Things are exciting in this part of the world. With the opening of a kennel has come a lot of hard work. Add on to that training for a marathon (more on that later) and basic life, and one is bound to get exhausted. Still, though, it's all worth it.
As Hans, Shannon, and I have been scrubbing walls, mopping floors, and painting non-stop, I got to thinking: What should people look for when choosing a dog kennel / day care? I know what sorts of things I notice, but some people seem to overlook these things. Sometimes a friendly staff is all it takes to win someone over, but they're missing the bigger picture. So, here are some handy hints.
There should not be one. Ideally, unless you're coming during cleaning time, you shouldn't smell cleaner, and you shouldn't smell a lot of dogs or cats. If you smell cleaner, you're really just smelling an effort to cover up dirt. If you smell dogs then you can tell there hasn't been much cleaning. If you smell urine or feces (assuming someone did not just have an accident in the lobby), run. Run as far and as fast as you can.
Obviously, a dog-care facility should appear clean. There should not be standing water on the floors or dirt on the walls. Look for dust and dog hair. Of course, also take note of the general color scheme of a facility. Some companies may choose darker colors to avoid having dirt be seen. Other companies choose bright and cheery colors. Dirt will be seen easier on these colors, so if the place still seems clean you know you've got a winner.
Dog to Person Ratio
How many employees are there watching the dogs? Is it a 2:1 ratio, a 10:1 ratio, or a 50:1 ratio? Ideally, you'll have somewhere between 5-10:1. Of course, the smaller the ratio, the better. This one is harder to find out, though. Companies have been known to lie about their numbers. My mom once called a doggy day care and asked how many dogs they generally have there a day. She was told 15-20. In reality they had anywhere between 35-70 on any given day. Of course, you can sometimes get away with having more dogs and fewer people if the dogs are in smaller groups or the screening process is strict. However, if it looks like there are more than 20 dogs there, then there probably are more than 20 dogs there.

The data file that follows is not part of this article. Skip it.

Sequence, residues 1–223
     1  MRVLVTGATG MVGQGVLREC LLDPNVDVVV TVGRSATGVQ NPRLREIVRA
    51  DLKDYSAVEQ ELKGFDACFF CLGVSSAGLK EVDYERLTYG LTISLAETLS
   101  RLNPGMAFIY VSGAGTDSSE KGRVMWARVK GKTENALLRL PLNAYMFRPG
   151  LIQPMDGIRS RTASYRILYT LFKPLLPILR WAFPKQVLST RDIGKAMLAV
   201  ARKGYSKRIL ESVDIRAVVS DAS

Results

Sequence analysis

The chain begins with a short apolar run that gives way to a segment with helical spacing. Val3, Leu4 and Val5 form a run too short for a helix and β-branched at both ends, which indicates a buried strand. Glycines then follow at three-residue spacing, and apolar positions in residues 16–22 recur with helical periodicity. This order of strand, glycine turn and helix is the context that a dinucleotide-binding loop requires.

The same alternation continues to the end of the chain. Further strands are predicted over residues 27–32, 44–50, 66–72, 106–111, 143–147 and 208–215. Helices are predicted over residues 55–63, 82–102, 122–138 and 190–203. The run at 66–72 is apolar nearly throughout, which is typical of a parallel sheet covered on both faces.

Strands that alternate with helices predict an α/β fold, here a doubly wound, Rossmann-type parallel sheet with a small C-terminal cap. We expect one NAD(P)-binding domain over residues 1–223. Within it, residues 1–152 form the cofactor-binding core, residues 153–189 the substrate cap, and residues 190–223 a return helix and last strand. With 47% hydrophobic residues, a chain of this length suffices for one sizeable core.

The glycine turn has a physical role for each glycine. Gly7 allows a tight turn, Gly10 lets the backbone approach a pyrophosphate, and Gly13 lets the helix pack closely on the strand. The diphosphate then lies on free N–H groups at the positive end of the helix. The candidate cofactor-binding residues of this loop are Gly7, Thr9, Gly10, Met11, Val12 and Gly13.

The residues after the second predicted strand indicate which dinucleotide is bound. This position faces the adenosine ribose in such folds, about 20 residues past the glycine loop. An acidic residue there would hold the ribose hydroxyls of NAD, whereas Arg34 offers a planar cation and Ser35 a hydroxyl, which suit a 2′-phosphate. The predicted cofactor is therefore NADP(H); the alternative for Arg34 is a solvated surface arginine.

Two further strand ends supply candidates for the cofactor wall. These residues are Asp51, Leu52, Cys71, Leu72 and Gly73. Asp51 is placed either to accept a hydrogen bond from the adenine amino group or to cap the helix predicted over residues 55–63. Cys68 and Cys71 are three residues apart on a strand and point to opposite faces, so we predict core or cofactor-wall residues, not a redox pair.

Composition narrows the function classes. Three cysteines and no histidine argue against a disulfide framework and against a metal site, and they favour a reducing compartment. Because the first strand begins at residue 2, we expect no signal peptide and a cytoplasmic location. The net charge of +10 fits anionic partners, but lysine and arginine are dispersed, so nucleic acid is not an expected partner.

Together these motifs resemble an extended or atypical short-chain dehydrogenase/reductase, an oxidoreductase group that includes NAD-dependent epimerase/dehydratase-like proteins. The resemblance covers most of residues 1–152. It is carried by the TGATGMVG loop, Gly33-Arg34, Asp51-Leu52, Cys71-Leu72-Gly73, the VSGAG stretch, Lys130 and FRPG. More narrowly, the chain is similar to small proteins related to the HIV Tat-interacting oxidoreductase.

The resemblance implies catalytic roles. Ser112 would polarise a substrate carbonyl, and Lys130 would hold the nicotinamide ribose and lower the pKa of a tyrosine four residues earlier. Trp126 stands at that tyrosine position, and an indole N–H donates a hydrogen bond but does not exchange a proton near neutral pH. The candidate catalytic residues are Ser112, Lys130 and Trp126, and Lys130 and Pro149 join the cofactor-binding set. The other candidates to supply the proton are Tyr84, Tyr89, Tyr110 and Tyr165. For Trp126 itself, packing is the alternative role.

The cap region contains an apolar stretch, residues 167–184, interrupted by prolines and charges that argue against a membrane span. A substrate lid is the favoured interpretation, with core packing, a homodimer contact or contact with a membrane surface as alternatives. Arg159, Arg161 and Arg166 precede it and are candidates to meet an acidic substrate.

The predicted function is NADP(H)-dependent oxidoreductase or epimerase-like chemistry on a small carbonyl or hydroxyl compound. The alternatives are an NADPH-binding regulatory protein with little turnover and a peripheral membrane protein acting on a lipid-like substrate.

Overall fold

Due to insurance reasons, most kennels cannot let the general public into areas where dogs are loose. However, they CAN let you into areas where dogs are put up. When you tour a facility, you should be allowed to see every part of the building (except the break room or office). If you're not allowed to see where dogs sleep / play / are groomed / etc. then something is being hidden. Run. Do not walk. Run away.
At some point, you may find a facility that you would like to leave your dog at. Once this happens, take some time to watch your dog's reactions when he returns to the building each day. Is he excited? Happy? Pulling you towards the door? Or, his he trying to hide in the car and hugging close to your leg? Dogs should be happy to go into their daycare. Of course, sometimes daycare just isn't for some dogs. Make sure you know your dog's personality before testing out a place. Also, pay attention to how he feels after some time at a daycare. Is he getting sick more often than normal? Is he getting random infections? This could be a sign of a cleanliness issue at the facility. Do keep in mind, though, that, just like day care for kids, your dog may catch a few more colds than he used to. Also, if your dog is playing all day, he may come home a little dirty. It's not unusual, and it won't hurt him.
My best recommendation for finding a kennel is to ask around. Ask your friends, ask your vet, ask your trainer, ask the lady in the park walking her dog. Check reviews online. Look at websites. No one can say which kennel might be best for you, but it never hurts to go into your search with an arsenal of knowledge.